By the power of the same law the parliament of Paris made void the treaty of Conflans, by which Duke Charles of Burgundy had drawn from the king Amiens and other towns of Picardy. In our days, the same parliament declared void the agreement made at Madrid, between Francis the First, then prisoner, and Charles the Fifth, concerning the Duchy of Burgundy. But the domain made by Charles the Sixth to Henry King of England, of the kingdom of France, after his decease, is a sufficient testimony for this matter, and of his madness, if there had been no other proof. But to leave off producing any further testimonies, examples, or reasons, by what right can the king give or sell away the kingdom, or any part of it: seeing it consists of people, and not of earth or walls? And freemen can't be sold, nor trafficked; even the patrons themselves cannot compel the enfranchised servants to make their habitations in places other than they like. Particularlly so in that subjects are neither slaves nor enfranchised servants, but brothers: and not only the king's brethren taken one by one, but also considered in one body, they ought to be esteemed absolute lords and owners of the kingdom.
Whether the king be the usufructor of the kingdom?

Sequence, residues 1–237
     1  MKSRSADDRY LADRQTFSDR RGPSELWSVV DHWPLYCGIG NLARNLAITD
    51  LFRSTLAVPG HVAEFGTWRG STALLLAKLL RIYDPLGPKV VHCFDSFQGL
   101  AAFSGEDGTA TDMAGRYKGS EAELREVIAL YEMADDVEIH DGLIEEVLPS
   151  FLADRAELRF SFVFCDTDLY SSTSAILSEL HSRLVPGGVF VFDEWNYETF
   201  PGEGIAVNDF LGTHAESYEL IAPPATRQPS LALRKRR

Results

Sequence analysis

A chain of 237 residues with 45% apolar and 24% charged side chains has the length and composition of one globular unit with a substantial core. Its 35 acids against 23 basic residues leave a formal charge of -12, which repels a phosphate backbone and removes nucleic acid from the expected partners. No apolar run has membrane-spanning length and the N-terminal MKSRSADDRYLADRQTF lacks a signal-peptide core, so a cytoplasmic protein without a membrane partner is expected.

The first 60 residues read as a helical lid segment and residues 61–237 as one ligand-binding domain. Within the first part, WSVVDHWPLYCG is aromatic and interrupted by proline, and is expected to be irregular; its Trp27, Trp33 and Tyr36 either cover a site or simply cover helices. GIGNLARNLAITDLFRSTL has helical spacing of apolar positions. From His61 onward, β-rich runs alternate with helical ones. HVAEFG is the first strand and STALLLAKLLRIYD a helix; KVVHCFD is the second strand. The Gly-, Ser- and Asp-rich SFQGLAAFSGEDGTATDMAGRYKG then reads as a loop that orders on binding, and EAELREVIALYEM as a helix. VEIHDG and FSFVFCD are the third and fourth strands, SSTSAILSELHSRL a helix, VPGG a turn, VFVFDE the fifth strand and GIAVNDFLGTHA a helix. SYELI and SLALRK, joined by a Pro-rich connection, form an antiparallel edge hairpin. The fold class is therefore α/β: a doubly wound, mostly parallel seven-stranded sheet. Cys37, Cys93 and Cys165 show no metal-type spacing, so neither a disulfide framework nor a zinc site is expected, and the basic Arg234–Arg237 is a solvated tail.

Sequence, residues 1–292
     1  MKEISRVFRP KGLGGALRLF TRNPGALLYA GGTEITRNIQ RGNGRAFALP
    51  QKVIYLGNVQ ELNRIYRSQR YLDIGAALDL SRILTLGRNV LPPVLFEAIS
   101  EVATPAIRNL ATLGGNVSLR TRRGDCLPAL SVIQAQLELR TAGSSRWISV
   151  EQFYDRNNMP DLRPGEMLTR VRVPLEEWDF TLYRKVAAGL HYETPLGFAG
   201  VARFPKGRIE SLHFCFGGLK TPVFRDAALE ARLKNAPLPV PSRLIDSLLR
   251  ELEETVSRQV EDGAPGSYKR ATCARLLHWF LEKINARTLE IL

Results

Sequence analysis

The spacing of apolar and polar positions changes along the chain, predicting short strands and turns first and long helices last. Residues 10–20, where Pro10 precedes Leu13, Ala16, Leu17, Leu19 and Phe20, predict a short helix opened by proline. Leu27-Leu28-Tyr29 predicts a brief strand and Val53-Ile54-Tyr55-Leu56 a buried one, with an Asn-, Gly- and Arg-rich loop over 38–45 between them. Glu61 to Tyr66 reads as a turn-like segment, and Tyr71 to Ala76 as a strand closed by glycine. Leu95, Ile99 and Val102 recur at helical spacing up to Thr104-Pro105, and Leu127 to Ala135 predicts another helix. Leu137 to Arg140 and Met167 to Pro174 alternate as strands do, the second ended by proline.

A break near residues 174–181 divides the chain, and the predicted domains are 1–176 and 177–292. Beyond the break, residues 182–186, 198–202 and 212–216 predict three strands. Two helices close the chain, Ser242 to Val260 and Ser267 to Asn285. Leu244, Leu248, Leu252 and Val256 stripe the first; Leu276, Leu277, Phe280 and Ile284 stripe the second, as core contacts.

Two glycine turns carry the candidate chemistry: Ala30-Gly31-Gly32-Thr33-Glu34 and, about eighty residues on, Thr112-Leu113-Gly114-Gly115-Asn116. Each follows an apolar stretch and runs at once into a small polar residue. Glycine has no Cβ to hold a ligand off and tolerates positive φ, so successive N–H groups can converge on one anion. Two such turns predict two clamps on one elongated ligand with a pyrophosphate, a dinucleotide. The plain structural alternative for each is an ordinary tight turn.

But if the king be not lord in propriety, yet at the least we may esteem him usufructor of the kingdom, and of the demesne; nay, truly we can allow him to have the usufruct for being usufructor, though the propriety remain in the people: yet may he absolutely dispose of the profits, and engage them at his pleasure. Now we have already proved that kings of their own authority cannot engage the revenues of the exchequer, or the demesne of the kingdom. The usufructor may dispose of the profits to whom, how, and when he pleases. Contrarily, the excessive gifts of princes are ever judged void, his unnecessary expenses are not allowed, his superfluous to be cut off, and that which is expended by him in any other occasion, but for the public utility, is justly esteemed to be unjustly extorted, and is no less liable to the law Cincea, than the meanest Roman citizen formerly was. In France, the king's gifts are never of force, until the chamber of accounts have confirmed them. From hence proceed the postils of the ordinary chamber, in giving up of the accounts in the reigns of prodigal kings, Trop donne: soyt repele, which is, excessive gifts must be recalled. The judges of this chamber solemnly swear to pass nothing which may prejudice the kingdom, or the public state, notwithstanding any letters the king shall write unto them; but they are not always so mindful of this oath as were to be desired.